Drama · War

49th Parallel: Britain’s Love Letter to Canada

Perhaps we (as in, yours truly) read too much into the WWII-era drama 49th Parallel. This 1941 film serves propaganda straight up, courtesy of the British Ministry of Information. It was meant to sell a reluctant American public on joining the war in Europe. Like any good sales pitch, the film uses fear to close the sale. The plot… Continue reading 49th Parallel: Britain’s Love Letter to Canada

Drama · Thriller

Bette Davis: Underacting for William Wyler

*Spoiler Alert* They created the best opening scene in the history of cinema: On a moonlit night, on an isolated rubber plantation in Malay, a woman follows a man out of a house. As he stumbles down the stairs of the veranda, she fires at him repeatedly with a handgun, even after he’s dead. In films… Continue reading Bette Davis: Underacting for William Wyler


Frank Sinatra’s D-I-Y Detox Program

In The Man with the Golden Arm, an irritated Kim Novak asks a drug-addled Frank Sinatra some pointed questions. “Why should you hurt like other people hurt?” she snaps. “Why try to face it like most people do?” A haggard, unshaven Sinatra is mute during her lecture. He sits slumped, eyes lowered, almost shrivelling into himself.… Continue reading Frank Sinatra’s D-I-Y Detox Program

Drama · Western

A Big Country that Ain’t Big Enough

In the early 1960s, the world became uncomfortably familiar with the term “Mutual Assured Destruction” (MAD). MAD was a Cold War peace strategy that prevented countries with nuclear arms from getting too trigger happy. So Country A would think twice about launching nuclear weapons because they knew Country B would retaliate with the same amount of nuclear firepower. See? This ensured… Continue reading A Big Country that Ain’t Big Enough


Mr Watanabe’s Life-Fulfilling Project

“[T]his is one of the few movies that might actually be able to inspire someone to lead their life a little differently,” writes movie critic Roger Ebert. Ebert is speaking of the award-winning Japanese film Ikiru (1952), a haunting story about the meaning of one man’s life. Ikiru, in Japanese, means “to live”. The film is about a… Continue reading Mr Watanabe’s Life-Fulfilling Project

Comedy · Drama

A Love Affair, Recycled

You really can’t beat Rita Wilson’s monologue in the 1993 romantic comedy, Sleepless in Seattle. In the film, a chagrined Tom Hanks is describing a potential meeting his young son has arranged with a stranger (Meg Ryan) at the top of the Empire State Building on Valentine’s Day. Wilson immediately recognizes this rendezvous from the 1957 classic film, An… Continue reading A Love Affair, Recycled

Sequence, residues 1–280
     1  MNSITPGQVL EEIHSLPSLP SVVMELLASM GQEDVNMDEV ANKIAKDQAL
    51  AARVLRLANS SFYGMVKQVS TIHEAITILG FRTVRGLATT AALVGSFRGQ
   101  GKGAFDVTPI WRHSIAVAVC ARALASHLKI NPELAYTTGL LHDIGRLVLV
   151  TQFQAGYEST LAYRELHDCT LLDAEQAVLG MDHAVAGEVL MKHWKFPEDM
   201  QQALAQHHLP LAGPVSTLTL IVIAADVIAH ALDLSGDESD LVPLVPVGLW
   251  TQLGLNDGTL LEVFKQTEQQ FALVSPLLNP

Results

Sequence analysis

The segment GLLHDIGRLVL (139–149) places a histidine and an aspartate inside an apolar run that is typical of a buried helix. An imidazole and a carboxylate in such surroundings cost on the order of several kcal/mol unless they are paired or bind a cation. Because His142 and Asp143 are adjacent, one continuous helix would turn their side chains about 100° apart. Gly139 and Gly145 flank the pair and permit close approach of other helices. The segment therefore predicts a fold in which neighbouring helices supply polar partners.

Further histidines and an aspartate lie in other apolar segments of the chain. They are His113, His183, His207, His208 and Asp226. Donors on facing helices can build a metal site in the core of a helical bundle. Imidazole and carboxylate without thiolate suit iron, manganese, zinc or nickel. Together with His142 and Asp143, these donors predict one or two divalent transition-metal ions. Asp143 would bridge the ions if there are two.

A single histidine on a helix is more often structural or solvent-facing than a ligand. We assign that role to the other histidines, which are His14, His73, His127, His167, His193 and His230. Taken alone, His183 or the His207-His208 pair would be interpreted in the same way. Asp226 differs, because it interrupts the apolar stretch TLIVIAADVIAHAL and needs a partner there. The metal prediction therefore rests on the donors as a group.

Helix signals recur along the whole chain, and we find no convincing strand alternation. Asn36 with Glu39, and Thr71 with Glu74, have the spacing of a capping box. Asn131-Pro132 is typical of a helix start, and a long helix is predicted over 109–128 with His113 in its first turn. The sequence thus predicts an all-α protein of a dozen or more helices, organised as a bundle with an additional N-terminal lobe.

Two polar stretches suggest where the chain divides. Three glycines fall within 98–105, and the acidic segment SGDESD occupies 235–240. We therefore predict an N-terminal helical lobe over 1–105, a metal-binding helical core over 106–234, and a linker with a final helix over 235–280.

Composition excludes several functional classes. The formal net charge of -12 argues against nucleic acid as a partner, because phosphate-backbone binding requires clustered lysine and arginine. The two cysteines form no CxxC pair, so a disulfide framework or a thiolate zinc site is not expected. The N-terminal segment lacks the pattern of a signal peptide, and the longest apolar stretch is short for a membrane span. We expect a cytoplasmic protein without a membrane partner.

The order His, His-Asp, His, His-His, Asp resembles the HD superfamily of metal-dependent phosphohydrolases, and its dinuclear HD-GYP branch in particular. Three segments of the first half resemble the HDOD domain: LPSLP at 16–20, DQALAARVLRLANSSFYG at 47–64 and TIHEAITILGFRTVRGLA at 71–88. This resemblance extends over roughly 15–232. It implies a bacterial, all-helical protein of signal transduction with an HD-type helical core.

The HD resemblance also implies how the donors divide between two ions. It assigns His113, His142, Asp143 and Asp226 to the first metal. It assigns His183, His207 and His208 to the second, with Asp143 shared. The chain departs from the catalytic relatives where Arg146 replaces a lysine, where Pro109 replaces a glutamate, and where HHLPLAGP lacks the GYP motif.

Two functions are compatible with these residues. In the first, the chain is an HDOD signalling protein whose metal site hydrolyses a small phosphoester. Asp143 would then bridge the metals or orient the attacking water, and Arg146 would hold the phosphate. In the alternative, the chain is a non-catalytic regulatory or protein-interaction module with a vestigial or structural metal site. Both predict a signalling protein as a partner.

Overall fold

Drama · Western

William Wellman and the Accusatory Close-Up

*Spoiler Alert The trouble with creating a masterpiece is sometimes people don’t automatically see it as such. One example is The Ox-Bow Incident, a 1943 western directed by William Wellman. This film was released during some of the darkest days of WWII and, as a result, it was a box office disappointment. Audiences were in no mood to… Continue reading William Wellman and the Accusatory Close-Up

Drama · Film Noir

Ida Lupino’s Murderous Sucker Punch

In 1940, Warner Bros. released They Drive By Night, a commentary on the American trucking industry. It starred George Raft, who was one of the studio’s biggest stars, and a young British actress who would steal the entire film. Her name was Ida Lupino. Lupino plays the perfectly-coiffed but disaffected wife of a trucking company… Continue reading Ida Lupino’s Murderous Sucker Punch

Comedy · Drama

Alice Guy: Entertaining Since 1896

They say Alice Guy (Alice Guy-Blaché) made over 600 movies between 1896-1920. Sure, a lot of these films were under 15 minutes, and she did have her own studio. Even so. Over six hundred movies. Although Guy’s work is slowly gaining more recognition through recent publications and a biopic Kickstarter campaign, she remains largely unknown. Now, we’re not saying Guy should be popular just… Continue reading Alice Guy: Entertaining Since 1896


Sounder: The Anti-Blaxploitation Film

“Son, don’t get used to this place.” This advice is from a sharecropping father to his eldest son in 1930s Louisiana – and if you guessed these people are black and poor, you guessed right. The father’s statement has dual meaning: Don’t settle for being a sharecropper, and don’t settle for being a poor black man in Louisiana. The line… Continue reading Sounder: The Anti-Blaxploitation Film